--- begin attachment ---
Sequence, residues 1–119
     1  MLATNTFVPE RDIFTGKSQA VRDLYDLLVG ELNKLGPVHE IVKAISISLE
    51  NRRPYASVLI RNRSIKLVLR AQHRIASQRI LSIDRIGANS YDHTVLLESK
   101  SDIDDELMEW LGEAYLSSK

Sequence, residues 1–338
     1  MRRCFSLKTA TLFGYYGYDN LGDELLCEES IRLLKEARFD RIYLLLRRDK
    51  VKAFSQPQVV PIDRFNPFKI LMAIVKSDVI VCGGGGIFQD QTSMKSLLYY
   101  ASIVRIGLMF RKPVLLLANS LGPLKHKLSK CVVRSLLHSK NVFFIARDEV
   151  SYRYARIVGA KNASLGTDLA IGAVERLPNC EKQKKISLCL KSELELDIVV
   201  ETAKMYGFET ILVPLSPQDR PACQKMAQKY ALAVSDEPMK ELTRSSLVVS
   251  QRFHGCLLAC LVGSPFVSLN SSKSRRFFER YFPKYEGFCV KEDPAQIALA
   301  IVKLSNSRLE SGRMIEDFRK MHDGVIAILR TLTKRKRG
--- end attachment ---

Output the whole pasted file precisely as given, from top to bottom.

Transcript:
Sequence, residues 1–119
     1  MLATNTFVPE RDIFTGKSQA VRDLYDLLVG ELNKLGPVHE IVKAISISLE
    51  NRRPYASVLI RNRSIKLVLR AQHRIASQRI LSIDRIGANS YDHTVLLESK
   101  SDIDDELMEW LGEAYLSSK

Sequence, residues 1–338
     1  MRRCFSLKTA TLFGYYGYDN LGDELLCEES IRLLKEARFD RIYLLLRRDK
    51  VKAFSQPQVV PIDRFNPFKI LMAIVKSDVI VCGGGGIFQD QTSMKSLLYY
   101  ASIVRIGLMF RKPVLLLANS LGPLKHKLSK CVVRSLLHSK NVFFIARDEV
   151  SYRYARIVGA KNASLGTDLA IGAVERLPNC EKQKKISLCL KSELELDIVV
   201  ETAKMYGFET ILVPLSPQDR PACQKMAQKY ALAVSDEPMK ELTRSSLVVS
   251  QRFHGCLLAC LVGSPFVSLN SSKSRRFFER YFPKYEGFCV KEDPAQIALA
   301  IVKLSNSRLE SGRMIEDFRK MHDGVIAILR TLTKRKRG